Roger Stone Threatens Lawmakers Ahead of House Testimony: I'll Shove Their Words "Down Their Throats"

Longtime Trump confidant Roger Stone is scheduled to testify before Congress this week. Reuters

Roger Stone has his plan—and his outfit—all laid out for when he appears before congressional lawmakers on Tuesday.

As for his clothing: "Blue will be the theme of the day, because it connotes authority," the political operative, dandy and Donald Trump confidant told Newsweek ahead of his scheduled testimony before the House Intelligence Committee in Washington regarding possible collusion between Russia and the Trump presidential campaign during the election.

As to his strategy: "I will systematically go through the exact words of every committee member. I will take their exact words and I will shove them down their throats," he vowed. "I will prove that they have knowingly lied."

It's a classic setup from the spotlight-loving strategist whose political mantras include such gems as "Admit nothing, deny everything and launch counterattacks."

The testimony from Stone, who has been one the loudest voices in the president's cheering section but holds no formal position in the administration, will take place in a closed session.

Stone says he'll likely speak to reporters afterward, because "otherwise, there's no way to protect yourself.

"They won't open this to the press, and they won't release the transcript," he continued, drawing a contrast with public hearings on investigations from Iran-Contra to Watergate. "You have to wonder what are they trying to hide from the American people."

As he has for months, Stone is claiming he's got nothing to conceal from investigators who are searching for evidence that the Russians meddled in the 2016 American election.

"They're standing there with nothing in their hands," he said. "After months and months of investigation, hundreds of thousands of tax dollars, they still have no evidence of Russian collusion. None at all. None that would hold up in a court of law."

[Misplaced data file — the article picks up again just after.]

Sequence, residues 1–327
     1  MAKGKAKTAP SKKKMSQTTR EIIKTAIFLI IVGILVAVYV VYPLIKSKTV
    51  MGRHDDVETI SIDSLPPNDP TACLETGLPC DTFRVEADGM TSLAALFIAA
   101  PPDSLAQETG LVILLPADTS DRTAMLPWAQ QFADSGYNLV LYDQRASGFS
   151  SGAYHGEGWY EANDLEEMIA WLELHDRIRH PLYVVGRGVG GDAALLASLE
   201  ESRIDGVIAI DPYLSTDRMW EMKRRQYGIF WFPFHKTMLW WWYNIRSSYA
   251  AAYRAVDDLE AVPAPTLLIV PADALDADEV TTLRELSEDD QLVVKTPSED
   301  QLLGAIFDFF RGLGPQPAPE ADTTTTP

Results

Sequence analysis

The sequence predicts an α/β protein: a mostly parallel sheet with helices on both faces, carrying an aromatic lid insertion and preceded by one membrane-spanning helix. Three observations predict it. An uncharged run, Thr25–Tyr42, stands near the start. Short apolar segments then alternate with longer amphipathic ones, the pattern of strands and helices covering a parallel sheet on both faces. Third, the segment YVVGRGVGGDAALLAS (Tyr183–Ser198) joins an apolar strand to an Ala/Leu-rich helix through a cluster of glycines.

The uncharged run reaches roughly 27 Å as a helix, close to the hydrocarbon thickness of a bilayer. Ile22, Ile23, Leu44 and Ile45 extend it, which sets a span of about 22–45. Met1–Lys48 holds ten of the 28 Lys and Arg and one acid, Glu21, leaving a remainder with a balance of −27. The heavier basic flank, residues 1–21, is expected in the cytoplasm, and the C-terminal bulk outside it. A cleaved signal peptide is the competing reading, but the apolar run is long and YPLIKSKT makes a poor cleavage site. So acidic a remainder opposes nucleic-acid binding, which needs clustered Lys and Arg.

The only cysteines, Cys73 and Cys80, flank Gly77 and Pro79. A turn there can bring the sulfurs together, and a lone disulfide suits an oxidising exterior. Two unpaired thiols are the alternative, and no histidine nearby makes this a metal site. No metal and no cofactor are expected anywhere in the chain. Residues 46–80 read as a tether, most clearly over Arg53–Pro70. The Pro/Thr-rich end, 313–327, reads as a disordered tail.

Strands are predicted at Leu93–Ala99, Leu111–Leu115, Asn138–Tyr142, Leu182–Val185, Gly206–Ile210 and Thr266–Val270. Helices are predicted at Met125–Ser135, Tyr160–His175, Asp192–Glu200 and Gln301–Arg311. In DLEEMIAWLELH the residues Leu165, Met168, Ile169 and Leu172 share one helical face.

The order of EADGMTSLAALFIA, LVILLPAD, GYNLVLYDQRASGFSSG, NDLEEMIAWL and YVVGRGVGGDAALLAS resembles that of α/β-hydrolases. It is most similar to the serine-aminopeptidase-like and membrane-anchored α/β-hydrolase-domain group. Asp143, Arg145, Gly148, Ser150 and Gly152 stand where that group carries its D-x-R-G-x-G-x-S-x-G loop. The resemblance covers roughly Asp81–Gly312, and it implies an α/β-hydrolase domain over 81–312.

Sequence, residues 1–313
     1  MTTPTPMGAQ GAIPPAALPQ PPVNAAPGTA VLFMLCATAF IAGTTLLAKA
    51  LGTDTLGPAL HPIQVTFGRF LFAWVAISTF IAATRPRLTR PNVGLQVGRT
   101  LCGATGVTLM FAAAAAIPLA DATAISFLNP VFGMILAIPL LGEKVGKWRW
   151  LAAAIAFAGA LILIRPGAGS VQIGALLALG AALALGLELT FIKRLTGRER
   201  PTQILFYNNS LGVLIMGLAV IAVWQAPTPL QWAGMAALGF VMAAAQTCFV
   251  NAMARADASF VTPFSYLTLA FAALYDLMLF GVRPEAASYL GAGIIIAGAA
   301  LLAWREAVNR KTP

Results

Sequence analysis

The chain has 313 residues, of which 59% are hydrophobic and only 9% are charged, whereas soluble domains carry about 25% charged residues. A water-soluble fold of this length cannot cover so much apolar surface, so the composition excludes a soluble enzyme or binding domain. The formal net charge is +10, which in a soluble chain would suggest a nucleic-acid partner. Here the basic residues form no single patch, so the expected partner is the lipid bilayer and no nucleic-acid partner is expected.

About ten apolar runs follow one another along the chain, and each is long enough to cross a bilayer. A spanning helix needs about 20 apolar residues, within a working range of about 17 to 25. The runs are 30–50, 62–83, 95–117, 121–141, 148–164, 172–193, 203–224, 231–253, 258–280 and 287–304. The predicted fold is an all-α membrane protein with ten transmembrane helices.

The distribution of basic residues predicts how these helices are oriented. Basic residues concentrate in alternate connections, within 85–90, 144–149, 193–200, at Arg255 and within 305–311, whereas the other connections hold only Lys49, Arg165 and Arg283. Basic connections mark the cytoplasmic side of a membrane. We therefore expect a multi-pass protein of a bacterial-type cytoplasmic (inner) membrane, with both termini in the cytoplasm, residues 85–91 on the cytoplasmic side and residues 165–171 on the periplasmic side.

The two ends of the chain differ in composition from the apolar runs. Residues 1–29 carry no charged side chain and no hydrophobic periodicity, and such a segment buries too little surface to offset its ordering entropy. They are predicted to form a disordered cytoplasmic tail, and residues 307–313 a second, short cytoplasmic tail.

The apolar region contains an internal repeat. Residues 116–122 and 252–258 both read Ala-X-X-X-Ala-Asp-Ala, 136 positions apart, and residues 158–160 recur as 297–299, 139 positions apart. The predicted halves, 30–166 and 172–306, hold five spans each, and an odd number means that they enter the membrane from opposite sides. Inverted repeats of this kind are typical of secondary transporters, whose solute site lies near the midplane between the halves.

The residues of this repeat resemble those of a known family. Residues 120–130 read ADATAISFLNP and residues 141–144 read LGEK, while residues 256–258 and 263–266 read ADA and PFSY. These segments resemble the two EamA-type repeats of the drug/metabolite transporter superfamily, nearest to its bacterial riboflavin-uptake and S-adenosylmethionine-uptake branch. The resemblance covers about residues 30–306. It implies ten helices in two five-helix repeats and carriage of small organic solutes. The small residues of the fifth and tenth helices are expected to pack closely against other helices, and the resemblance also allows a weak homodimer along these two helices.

(Speaking of the cost of the case, Stone allowed on Monday that he's not exactly raking in the cash for his legal defense fund through a website he set up to claim he's being "framed" as a "traitor" by hostile liberal Democrats.)

Stone largely brushed off the wider investigation into Russian influence by Special Counsel Robert Mueller: "I've never heard from him...[and] other than initially, I've never heard back from the Senate committee because there's no reason to. They don't have any evidence that I colluded with the Russians, because I didn't."

However, Preet Bharara, the former U.S. Attorney for New York who was dismissed by Trump, told CNN over the weekend that he expected Mueller to go so far as to even question whether the president obstructed justice in trying to tamp down Russia-related inquiries.

Roger Stone has been taken off Twitter. Reuters

Stone singled out California Representative Adam Schiff, the ranking Democrat on House Intelligence, for a dose of his trademark scorn, dismissing him as "Schiff-Head" and saying he's never backed up his insinuations that Stone knew ahead of time that Hillary Clinton's campaign chairman, John Podesta, would have his email hacked.

A spokesperson for Schiff didn't immediately respond to a Newsweek request for comment on the remarks from Stone, who described himself pre-hearing as "upbeat, combative, tired of bullshit."

Stone is one of a number of members of Trump's inner circle, past and present, who have been pulled into various federal inquiries about possible Russian influence on the 2016 campaign for president.

Among them: Trump's son, Donald Jr., and the former chairman of the Trump presidential campaign, Paul Manafort.